Convenience is a selling point for the 50-plus wineries and tasting rooms in Loudoun County, Virginia—after all, the county is only about 25 miles west of Washington, D.C. and is home to Dulles International Airport. Now, the recent expansion of the Washington Metro Silver Line to the airport and beyond has made it even easier to explore “D.C.’s Wine Country.”
Local tour operators are taking advantage, with some picking up groups at the airport and at Metro stations. Today, I’ve booked just such a jaunt with Cork & Keg Tours. Renee Ventrice, who cofounded the company with her husband after they both retired from the military, picks me up at Dulles in her Mercedes-Benz Sprinter van, which can hold up to 13 passengers and is equipped with plush seating, TVs, and a sparkling wine bar.
“When we first started coming to wine country [20 years ago], there were only four or five wineries, and the wine, quite honestly, wasn’t good,” Ventrice tells me. “In the past 15 years, it has exploded. They’re planting varieties that work better here, and there are better winemakers, and that’s resulting in world-class wines.”
It’s about a 30-minute drive through rolling green hills to our first stop of the day, Williams Gap Vineyard. In the hilltop tasting room, I snack on an Italian panini while sipping estate petit manseng and cabernet franc. “Our focus is definitely on providing high-quality wines, but all from the estate,” says tasting room manager Bridgette Smith. “It’s important that when you see Williams Gap on the label, you know it’s from here.”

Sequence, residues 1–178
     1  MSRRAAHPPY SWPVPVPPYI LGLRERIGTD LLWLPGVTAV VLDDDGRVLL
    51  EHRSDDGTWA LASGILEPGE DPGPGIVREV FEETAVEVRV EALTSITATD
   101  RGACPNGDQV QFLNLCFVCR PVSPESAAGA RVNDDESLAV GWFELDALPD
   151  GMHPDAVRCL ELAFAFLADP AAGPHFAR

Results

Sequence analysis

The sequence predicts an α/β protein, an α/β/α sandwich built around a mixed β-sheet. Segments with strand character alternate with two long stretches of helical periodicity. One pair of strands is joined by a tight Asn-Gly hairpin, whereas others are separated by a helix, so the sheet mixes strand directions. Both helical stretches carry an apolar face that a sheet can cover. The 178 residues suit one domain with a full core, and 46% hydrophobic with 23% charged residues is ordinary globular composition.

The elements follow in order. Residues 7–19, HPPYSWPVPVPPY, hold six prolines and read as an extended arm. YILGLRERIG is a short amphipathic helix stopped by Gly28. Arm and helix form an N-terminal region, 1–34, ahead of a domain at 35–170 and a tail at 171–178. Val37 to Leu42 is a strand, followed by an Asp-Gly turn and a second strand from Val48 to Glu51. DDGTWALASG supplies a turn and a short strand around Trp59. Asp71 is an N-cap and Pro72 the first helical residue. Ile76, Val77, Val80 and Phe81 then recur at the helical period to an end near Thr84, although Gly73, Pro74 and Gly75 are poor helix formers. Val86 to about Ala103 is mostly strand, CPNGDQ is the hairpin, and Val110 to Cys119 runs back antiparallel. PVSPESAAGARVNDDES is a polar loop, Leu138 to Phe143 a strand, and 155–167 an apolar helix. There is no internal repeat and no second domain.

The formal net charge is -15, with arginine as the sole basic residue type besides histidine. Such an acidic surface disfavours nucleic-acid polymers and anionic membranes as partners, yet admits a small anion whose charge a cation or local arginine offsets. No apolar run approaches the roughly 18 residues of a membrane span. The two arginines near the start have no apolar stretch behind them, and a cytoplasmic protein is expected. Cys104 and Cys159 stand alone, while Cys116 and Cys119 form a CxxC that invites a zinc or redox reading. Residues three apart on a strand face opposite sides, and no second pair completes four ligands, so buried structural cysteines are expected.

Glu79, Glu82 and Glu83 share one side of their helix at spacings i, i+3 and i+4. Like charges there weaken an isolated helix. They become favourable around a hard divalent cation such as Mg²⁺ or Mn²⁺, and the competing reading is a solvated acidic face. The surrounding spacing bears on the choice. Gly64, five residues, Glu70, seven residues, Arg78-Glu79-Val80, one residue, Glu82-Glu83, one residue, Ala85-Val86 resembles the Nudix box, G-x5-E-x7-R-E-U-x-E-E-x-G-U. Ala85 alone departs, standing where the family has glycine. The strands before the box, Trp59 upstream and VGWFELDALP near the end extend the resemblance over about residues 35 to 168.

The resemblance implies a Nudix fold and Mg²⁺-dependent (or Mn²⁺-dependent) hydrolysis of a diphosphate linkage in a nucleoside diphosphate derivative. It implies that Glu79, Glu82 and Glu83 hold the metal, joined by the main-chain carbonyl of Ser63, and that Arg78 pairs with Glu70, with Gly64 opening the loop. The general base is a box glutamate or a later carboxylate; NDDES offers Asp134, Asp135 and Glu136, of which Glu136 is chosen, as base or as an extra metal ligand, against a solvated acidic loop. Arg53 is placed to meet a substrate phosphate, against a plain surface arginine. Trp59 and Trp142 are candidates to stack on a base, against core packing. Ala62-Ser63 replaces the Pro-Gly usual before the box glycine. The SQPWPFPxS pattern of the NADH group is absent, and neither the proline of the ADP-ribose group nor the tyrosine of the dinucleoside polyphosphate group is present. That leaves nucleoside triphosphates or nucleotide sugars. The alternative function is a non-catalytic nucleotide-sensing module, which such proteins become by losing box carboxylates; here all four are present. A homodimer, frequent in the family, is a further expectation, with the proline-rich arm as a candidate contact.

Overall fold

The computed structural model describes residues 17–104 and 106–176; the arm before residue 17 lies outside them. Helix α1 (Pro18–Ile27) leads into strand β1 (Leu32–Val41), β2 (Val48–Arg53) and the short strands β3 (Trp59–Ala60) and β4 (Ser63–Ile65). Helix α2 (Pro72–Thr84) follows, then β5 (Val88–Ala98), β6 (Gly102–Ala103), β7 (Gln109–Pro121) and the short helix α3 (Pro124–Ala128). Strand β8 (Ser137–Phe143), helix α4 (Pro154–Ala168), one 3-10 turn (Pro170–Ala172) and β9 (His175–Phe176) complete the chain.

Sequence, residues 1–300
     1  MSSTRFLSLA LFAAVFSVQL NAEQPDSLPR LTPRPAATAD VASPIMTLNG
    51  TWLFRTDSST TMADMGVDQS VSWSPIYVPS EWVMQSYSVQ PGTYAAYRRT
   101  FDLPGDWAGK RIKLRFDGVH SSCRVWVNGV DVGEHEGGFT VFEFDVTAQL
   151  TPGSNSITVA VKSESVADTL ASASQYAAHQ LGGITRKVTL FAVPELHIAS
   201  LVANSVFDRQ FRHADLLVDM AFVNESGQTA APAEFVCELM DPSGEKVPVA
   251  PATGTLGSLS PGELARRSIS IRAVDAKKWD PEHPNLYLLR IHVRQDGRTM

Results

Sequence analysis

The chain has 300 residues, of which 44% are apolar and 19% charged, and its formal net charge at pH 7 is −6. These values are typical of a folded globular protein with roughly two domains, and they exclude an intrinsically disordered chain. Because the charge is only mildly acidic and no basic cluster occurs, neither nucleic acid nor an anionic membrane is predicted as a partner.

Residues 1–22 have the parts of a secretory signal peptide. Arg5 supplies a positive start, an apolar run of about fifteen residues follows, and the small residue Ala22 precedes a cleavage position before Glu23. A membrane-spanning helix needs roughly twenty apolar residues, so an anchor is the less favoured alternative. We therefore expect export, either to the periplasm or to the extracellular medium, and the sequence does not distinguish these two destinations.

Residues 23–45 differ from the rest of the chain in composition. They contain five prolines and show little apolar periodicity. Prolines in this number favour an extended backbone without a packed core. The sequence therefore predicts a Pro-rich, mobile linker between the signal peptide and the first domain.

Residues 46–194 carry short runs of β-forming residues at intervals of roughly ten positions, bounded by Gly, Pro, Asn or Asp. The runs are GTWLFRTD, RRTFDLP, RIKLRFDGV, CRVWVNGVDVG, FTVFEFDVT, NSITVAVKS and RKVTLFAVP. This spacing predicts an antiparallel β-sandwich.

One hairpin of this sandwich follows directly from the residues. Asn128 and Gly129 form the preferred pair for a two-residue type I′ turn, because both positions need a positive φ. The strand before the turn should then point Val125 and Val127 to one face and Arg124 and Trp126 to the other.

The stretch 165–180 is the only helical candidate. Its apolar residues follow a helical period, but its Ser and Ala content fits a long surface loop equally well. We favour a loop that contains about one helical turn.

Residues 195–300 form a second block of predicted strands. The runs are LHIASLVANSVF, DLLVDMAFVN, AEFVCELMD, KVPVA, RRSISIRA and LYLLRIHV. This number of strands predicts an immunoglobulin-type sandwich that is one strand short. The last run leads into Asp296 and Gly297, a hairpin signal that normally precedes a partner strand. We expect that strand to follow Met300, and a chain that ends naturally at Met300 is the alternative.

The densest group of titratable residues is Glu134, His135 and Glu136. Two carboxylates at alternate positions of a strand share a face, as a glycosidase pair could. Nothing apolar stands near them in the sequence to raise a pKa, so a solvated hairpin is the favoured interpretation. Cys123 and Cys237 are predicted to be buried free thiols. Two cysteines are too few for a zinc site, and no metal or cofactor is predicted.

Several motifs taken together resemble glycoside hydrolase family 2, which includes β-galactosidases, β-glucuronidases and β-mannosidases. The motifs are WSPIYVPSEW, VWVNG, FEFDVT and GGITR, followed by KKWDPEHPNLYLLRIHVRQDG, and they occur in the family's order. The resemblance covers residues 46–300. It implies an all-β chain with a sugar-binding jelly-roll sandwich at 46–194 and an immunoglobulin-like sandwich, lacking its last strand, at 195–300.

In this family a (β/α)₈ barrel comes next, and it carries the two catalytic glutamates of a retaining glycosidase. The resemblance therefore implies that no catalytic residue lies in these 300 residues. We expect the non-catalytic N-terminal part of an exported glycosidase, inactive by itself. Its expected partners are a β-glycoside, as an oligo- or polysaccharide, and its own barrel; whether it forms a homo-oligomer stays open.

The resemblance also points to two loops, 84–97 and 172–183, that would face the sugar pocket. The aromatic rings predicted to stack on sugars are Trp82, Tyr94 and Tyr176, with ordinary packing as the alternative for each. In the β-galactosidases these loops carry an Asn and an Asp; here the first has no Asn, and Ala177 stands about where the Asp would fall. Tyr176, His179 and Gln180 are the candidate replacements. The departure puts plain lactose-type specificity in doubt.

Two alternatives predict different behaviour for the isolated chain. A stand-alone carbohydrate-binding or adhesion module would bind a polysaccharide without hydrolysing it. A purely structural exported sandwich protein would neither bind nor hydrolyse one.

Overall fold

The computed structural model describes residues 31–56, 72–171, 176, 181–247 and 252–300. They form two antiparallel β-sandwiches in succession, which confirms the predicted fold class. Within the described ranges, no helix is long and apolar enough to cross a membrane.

From here, we head north, past horse farms and bed and breakfasts, to Breaux Vineyards. A 400-acre estate surrounding a mansion with ironwork that evokes New Orleans, the property produces Bordeaux varietals as well as a tasty, well-aged nebbiolo. Next, we double back through the quaint town of Hillsboro to Walsh Family Wine. Co-owners Sarah and Nate Walsh produce mostly single-vineyard wines—everything from merlot to tannat to albariño—and also run a Winemaker’s Studio, where up-and-coming vintners can try their hand at the craft.
“There aren’t a lot of things that anchor us to a place anymore,” Nate Walsh says of his focus on vineyard-designated wines, “and wine can be one of those things that celebrates a very specific place.” No matter the place, four tastings is ambitious for one day, but Ventrice, who’s almost as bubbly as the cava in the van, insists we make one more stop, at Stone Tower Winery. One of the highlights here is the Wild Boar Porton, a fortified wine made with the local grape variety Norton, which I try while looking out over the scenic Hogback Mountain property.
I’m about to turn into a pumpkin, so while there are other spots I want to hit—pioneering Chrysalis, award-winning Sunset Hills—we’re off to Leesburg’s Lansdowne Resort, where I’ve booked a room for the night. Ventrice drops me off with a hug, and after a dinner of Chesapeake rockfish downstairs at Piedmont’s, I’m off to bed to count sheep. Wait, are those wooly critters jumping over grapevines?